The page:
-If I remember correctly from an older AAO lecture of Jonathan, HG is not that popular an option in the UK and moderately tolerated? Any comment on the compliance or the generalizability of the trial’s results?
-I had no idea (until I read the thesis) that the midpalatal implants had been discontinued. I would say this is positive. The somewhat higher stability was dearly bought both in tissue and patients discomfort.
-The patient-reported outcomes were also very nice.
-Likewise, the fact that you avoided extra x-rays for the evaluation of the treatment changes. In the upper arch, fortunately stable structures can be found for the superimposition. Can this also be used for the lower arch? I haven’t found any info about it… A couple of studies I read used the molars for the superimposition, but who says they remain stable? Also, now that I think about it, the superimposition of the upper jaw might be more problematic if the palatal implants together with supra-constructions for anchorage had been used in the palate?? Or not?
Again, congratulations to the whole team for the nice research. Best regards,
Thank you Spyros for your thoughtful comments.
In all cases the TADs were placed using a buccal approach, in between the premolar tooth and the anchor molar tooth, wherever possible at the junction of the attached gingivae and the movable mucosa. Of course I am now familiar with your excellent Meta Analysis published in the AJODO 142,577-595.e7. which clearly shows this consideration is not a significant risk factor . . . ah . . . the benefit of hindsight!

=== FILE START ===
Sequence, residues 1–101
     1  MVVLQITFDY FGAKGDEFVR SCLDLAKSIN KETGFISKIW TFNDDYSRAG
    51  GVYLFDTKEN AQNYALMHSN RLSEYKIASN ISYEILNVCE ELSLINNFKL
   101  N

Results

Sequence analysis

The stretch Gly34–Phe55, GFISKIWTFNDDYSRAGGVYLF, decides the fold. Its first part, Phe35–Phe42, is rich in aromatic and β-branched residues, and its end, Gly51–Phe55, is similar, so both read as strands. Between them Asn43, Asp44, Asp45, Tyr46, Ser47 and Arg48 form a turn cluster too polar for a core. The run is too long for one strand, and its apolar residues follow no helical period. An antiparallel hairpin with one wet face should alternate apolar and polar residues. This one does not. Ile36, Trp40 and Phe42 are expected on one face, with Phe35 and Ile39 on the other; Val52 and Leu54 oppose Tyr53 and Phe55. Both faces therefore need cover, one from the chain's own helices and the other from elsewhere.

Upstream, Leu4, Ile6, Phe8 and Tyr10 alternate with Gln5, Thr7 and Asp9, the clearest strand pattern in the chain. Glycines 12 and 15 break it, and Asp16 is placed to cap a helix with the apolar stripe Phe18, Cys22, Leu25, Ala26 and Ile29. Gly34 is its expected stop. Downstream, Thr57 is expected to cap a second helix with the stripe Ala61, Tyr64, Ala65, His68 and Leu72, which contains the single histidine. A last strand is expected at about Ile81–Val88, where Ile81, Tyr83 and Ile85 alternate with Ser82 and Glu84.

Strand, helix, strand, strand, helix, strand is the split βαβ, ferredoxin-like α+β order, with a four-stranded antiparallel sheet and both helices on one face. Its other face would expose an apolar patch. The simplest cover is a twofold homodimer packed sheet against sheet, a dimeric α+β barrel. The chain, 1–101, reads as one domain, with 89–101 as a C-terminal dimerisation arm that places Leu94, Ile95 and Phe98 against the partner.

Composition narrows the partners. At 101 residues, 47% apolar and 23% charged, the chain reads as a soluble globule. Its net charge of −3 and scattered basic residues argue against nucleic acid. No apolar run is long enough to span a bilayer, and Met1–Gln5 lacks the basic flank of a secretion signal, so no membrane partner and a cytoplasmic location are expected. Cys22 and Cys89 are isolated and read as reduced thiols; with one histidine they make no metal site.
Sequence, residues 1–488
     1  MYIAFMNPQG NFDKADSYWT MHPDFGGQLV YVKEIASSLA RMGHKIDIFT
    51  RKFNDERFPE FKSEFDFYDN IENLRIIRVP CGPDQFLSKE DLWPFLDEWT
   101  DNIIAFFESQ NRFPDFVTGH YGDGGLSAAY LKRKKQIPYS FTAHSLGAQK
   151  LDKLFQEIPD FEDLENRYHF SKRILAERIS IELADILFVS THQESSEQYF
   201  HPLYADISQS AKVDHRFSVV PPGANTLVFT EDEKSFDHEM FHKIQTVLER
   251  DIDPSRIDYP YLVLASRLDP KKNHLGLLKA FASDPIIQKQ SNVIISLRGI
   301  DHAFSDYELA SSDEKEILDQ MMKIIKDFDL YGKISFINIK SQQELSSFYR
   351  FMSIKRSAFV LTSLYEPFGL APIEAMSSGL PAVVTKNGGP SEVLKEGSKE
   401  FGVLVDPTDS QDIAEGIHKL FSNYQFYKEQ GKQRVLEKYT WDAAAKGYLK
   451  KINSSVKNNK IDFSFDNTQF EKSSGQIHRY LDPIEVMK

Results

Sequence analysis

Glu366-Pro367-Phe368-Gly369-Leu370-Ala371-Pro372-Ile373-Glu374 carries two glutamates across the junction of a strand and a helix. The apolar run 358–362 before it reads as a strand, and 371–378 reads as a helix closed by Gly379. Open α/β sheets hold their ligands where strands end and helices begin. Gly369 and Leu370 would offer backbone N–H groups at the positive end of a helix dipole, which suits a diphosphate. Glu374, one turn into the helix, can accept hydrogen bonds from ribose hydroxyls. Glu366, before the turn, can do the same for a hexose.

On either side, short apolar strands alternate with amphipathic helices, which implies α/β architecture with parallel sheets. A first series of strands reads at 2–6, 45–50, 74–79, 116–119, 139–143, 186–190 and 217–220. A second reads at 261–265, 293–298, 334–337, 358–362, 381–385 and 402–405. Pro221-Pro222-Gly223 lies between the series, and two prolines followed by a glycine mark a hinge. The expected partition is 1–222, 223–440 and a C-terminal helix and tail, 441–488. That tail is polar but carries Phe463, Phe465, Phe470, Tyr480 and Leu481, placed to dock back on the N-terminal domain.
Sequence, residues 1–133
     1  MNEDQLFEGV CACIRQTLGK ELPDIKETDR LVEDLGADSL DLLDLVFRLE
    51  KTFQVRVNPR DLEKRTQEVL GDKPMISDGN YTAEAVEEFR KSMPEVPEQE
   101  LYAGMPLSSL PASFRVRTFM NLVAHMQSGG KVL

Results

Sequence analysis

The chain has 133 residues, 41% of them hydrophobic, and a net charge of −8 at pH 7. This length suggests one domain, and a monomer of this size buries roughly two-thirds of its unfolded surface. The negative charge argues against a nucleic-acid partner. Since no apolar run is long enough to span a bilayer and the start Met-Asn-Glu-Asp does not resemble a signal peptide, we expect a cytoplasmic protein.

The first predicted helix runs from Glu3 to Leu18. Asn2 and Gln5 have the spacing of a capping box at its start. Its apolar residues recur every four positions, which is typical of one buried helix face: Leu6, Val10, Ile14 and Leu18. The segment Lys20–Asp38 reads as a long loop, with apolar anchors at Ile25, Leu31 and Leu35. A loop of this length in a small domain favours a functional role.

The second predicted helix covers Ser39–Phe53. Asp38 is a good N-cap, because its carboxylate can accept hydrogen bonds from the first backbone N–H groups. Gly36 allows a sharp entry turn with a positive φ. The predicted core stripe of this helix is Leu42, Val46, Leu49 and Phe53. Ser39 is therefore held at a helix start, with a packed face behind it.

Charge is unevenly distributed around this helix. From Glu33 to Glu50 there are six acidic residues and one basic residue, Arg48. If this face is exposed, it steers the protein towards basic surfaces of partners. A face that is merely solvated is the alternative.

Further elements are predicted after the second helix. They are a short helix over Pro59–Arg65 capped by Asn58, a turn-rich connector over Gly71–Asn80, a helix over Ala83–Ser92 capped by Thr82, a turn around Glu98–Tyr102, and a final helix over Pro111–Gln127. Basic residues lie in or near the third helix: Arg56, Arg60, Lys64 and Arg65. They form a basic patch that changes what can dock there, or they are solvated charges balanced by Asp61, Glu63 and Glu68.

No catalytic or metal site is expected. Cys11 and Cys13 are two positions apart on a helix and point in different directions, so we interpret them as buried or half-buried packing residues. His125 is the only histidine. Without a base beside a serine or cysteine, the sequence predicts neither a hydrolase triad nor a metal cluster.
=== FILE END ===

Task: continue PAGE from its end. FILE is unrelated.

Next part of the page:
The upper and lower straight wire appliances were placed and an appointment was made for the extractions to be carried out by the General Dental Practitioner. The TADs were to be placed for anchorage supplementation, prior to straining the anchorage unit. In this group of cases no canine lacebacks were used from the molar bands and no initial canine retraction was performed in advance of TAD placement. Soon after the extraction sockets had healed the patients were booked in for placement of the TADs.
If the patients were particularly nervous about TAD placement, they would first have some topical anaesthetic gel placed on the mucosa, immediately mesial to the molar tooth in the upper arch. A small amount of lignocaine was then carefully infiltrated into the reflected mucosa, immediately mesial to the molar tooth and this was digitally massaged into the tissues. A few minutes later, further anaesthetic was infiltrated and three or four minutes later the area was tested with a sharp probe to ensure complete soft tissue anaesthesia. A 2mm biopsy punch was then used to remove a small cylinder of mucosa, where possible at the junction of the attached and reflected mucosa.
The 8mm x 1.6mm Aarhus screw was lifted from the screw rack in the Aarhus kit, using the custom made screwdriver. Using copious water irrigation and narrow bore suction the screw was gently but firmly screwed into place over a 60-90 second period. Water irrigation was continued throughout this period of screw placement. The TAD was tightened until there was minimal space between the collar and the mucosa and each screw was checked for primary stability. Occasionally undue resistance was felt as attempts were made to pierce the buccal plate of bone. In this situation the screw was removed and a site at least 2-3mm distant from the original site was selected for a subsequent attempt at screw placement.
The TADs were loaded immediately via a 6mm NiTi coil spring that had metal ligatures attached to both ends. One ligature was threaded through an internal hole in the head of the screw and the other ligature tied around the bracket on the tooth to be distalised. A gentle pressure of 80-100gm was immediately applied from the TAD to the canine teeth that required distalisation.
For compliance . . . see above comment in response to Dr Griffin Jr.